Contrats après Covid-19 – Comment adapter vos modèles de contrat en 2020 et au-delà (en anglais)

We’re living in a different environment

And it won’t be back to “business as usual” anytime soon. Therefore, there are important changes we need to make when drafting contracts, especially international ones, in a post-pandemic world.

Hong Kong – Two examples of the new normal:

Since January 2020, the Hong Kong workforce has been alternating between going to the office and working from home in a “stop and go” manner. Whenever the government announces that civil servants will work from home, so do businesses which have the option to do so. The last work-from-home period lasted from 20 July to 23 August 2020.

Since mid-March 2020, people arriving in Hong Kong are subject to a 14-day compulsory quarantine. This legislation has been extended to 31 December 2020 and applies to Hong Kong residents arriving from mainland China, Macau, Taiwan or elsewhere. Non-Hong Kong residents may be refused entry and should check the latest rules before travelling.

Worldwide – A tentative list of what we should expect in the coming months:

The following factors are important to consider when drafting contracts (the list is not exhaustive):

  • Administration (i.e. the other parties going into administration)
  • Extension of public holidays
  • Furlough schemes (working time reduction)
  • Lockdowns
  • Manufacturing closures (temporary or permanent)
  • Public services closures
  • Reduction of national and international freight services
  • Reduction of courier services
  • Restriction to national and international travel
  • School and university closures
  • 14-day mandatory quarantine

How to adapt your contract templates to this new environment

Good contract drafting is about clarity and anticipation. More than ever, parties need guidelines to handle whatever is thrown at them. We have identified five important points that general counsels and lawyers should consider including in their contract review checklists.

The list is not exhaustive and considerations should be given to the nature of each contract. For instance, in contracts where time is of the essence, possible exceptions due to Covid-19 related events need to be carefully identified, or simply ruled out.

In a nutshell:

1)    Check your options and conduct enhanced due diligences on the resilience of the parties. 2)    Ensure the contract specifies an obligation for both parties to collaborate to work around obstacles. Don’t leave it to professionalism or goodwill. 3)    Review termination clauses and consider new triggering events for break clauses, based on turnover or profit reduction. 4)    Adapt force majeure and hardship clauses to the jurisdiction of the parties, taking into consideration legal definitions provided by law in civil law jurisdictions. 5)    Include effective dispute resolution mechanisms that are available remotely, and consider enforcement challenges.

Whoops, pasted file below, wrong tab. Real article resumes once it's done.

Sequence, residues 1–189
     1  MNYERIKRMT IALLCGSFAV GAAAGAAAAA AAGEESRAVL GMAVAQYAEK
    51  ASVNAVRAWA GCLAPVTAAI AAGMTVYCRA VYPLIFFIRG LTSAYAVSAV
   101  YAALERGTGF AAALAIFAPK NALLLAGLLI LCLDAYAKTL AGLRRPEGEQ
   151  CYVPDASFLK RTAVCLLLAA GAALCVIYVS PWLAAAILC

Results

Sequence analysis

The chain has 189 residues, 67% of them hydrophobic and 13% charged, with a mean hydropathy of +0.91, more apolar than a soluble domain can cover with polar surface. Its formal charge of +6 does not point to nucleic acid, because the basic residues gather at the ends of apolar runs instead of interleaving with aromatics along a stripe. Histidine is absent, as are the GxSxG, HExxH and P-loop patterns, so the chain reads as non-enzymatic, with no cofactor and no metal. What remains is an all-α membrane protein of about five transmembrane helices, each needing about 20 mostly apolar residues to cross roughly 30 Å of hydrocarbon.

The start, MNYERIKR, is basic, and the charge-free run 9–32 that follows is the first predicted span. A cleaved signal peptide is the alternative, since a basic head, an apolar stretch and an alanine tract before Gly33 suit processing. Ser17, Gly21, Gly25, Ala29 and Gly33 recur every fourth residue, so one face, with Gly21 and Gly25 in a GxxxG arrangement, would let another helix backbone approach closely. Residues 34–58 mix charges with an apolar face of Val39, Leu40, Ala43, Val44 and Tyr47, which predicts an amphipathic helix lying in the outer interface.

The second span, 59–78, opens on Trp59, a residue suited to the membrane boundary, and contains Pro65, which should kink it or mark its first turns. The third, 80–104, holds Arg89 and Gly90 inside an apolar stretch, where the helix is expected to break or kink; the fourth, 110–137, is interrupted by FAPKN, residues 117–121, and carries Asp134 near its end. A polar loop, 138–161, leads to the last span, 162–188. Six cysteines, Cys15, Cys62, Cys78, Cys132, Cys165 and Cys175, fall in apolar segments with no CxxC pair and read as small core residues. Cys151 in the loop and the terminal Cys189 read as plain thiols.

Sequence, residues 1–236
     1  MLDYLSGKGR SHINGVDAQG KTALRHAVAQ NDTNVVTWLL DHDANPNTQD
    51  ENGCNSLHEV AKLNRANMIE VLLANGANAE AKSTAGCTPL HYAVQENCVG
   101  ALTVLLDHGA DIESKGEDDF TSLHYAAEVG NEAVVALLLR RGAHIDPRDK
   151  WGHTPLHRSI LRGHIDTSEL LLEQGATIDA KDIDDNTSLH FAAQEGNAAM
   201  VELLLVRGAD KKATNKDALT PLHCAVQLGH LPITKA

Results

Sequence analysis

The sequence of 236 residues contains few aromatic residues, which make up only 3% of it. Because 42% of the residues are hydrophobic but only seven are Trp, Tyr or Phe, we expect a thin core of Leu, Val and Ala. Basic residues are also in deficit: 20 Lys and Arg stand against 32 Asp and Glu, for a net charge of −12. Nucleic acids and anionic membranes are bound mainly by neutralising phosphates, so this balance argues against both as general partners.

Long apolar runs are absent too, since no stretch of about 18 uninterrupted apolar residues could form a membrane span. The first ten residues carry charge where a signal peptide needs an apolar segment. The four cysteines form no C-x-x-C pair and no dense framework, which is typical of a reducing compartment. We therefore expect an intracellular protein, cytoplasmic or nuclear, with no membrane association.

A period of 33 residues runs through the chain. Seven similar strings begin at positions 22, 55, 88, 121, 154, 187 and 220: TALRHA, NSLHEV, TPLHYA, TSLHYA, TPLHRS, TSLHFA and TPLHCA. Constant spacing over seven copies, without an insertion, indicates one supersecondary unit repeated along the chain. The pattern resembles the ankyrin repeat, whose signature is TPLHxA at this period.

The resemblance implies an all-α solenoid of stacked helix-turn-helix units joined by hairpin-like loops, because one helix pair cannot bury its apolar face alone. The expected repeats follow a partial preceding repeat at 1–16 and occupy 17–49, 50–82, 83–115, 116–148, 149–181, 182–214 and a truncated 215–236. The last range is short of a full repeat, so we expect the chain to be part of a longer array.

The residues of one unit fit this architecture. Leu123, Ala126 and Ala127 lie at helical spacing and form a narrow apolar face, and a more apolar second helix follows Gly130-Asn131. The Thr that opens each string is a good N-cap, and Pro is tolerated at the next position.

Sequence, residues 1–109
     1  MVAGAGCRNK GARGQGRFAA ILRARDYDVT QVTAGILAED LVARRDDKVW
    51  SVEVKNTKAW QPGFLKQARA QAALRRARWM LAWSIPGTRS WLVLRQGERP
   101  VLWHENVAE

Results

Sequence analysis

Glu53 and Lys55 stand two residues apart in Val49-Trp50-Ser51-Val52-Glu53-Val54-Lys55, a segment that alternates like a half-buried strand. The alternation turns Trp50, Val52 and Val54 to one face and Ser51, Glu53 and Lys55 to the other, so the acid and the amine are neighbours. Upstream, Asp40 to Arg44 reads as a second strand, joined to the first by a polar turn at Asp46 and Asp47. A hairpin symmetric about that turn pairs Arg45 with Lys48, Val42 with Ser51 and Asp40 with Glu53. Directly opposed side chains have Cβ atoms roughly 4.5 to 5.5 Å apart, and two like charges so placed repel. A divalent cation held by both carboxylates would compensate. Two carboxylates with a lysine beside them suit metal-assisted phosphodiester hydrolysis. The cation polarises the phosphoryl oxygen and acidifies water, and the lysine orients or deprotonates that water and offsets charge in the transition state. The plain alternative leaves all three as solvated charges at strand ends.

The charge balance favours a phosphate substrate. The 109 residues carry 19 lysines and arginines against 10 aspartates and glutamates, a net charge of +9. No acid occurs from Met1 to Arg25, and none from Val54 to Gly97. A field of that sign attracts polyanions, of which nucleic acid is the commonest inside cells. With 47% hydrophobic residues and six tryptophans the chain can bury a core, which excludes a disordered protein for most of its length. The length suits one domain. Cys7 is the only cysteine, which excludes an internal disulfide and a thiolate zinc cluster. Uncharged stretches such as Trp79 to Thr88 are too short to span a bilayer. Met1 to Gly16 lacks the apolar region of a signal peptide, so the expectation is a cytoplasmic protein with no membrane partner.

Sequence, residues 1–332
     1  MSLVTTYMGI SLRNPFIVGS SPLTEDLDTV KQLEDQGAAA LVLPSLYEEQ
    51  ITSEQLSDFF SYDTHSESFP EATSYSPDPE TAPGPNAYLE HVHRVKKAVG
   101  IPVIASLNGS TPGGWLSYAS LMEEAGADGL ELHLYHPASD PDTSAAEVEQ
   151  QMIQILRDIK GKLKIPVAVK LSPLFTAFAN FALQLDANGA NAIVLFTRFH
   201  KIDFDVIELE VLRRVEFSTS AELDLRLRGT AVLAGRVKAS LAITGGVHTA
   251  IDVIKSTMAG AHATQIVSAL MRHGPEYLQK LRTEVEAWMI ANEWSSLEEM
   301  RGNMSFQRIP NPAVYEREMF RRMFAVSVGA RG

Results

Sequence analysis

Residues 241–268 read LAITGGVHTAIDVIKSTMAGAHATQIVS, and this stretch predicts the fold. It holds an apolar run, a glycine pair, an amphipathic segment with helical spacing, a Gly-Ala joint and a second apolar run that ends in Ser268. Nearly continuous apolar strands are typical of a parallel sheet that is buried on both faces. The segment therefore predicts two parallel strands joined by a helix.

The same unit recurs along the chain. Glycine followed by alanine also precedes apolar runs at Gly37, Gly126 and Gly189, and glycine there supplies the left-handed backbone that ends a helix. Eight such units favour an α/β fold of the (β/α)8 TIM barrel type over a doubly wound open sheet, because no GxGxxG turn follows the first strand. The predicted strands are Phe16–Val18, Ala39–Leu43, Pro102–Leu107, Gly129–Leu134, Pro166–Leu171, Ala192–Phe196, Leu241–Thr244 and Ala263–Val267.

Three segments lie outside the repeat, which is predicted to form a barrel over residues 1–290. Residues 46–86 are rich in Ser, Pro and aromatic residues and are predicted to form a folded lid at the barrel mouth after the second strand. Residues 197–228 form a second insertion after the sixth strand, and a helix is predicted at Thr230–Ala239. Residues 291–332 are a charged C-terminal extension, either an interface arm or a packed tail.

1. Check your options before entering into a new contract and conduct enhanced due diligences on the resilience of the parties

Choose your suppliers

Do they have the capacity to fulfil their obligations? Are they up-to-date with salary payments? Have they been kept afloat by (or made use of) government support schemes? Do they have access to the raw materials or intermediary supplies needed? What about transport options and logistics – who will bear the additional cost of alternative means of transport? New cost structures mean it may be advisable to choose suppliers located nearer the place of delivery.

One of our clients, for example, a sourcing company, made a down payment to a manufacturer in mainland China which was running out of cash for its salary payments and closed. The products had been manufactured and inspected, but were taken by the manufacturer’s employees and sold. The sourcing company remains liable to its own client, who also made a down payment.

Choose your clients

The same question applies: do they have the capacity to fulfil their obligations? Will they pay their invoices on time, or make excuses if anything (Covid-19 related or not) arises?

 

  1. Ensure the contract specifies an obligation for both parties to collaborate to work around obstacles. Don’t leave it to professionalism or goodwill.

Key personnel

More than ever, good contract management is key to the success of the ongoing relationship and overcoming Covid-19 related challenges. It is important to have a key personnel clause to ensure that, quoting Thomson Reuters’ Practical Law notes on key personnel clauses:

  • Key roles are identified on both the customer and supplier’s side and that the responsibilities of those individuals are clearly defined.
  • Each party identifies a representative who has the delegated authority to act on behalf of each party in relation to its dealings with the other party.
  • A mechanism is agreed for the replacement of key personnel.

Add notification and mitigation duties

Covid-19 related disruptions can be expected for all contracting parties with different timing, scope and consequences. It’s advisable to add simple yet effective obligations to your boilerplate clauses, such as:

  • an obligation for both parties to notify the other of events likely to disturb its operations – whether such event is local (e.g. a local lockdown or the default of a sub-contractor) or global (e.g. another Public Health Emergency of International Concern declared by the World Health Organization); and,
  • a duty to mitigate the resulting breach of contract (if any) and any resulting harm to other parties.

 

  1. Review termination clauses and consider new triggering events for break clauses, based on turnover or profit reduction.

Review termination provisions

Consider when you might want to terminate the contract (a tentative list is provided below). To address a question often raised in the context of Covid-19, the termination clause is the right place to insert provisions allowing one or all parties to terminate if the contract is no longer profitable – subject to adequate safeguards.

Tentative list (based on Thomson Reuters’ Practical Law note on contract termination):

  • Breach of contract by the other party. For example:
    • the other party’s performance is unsatisfactory in critical respects;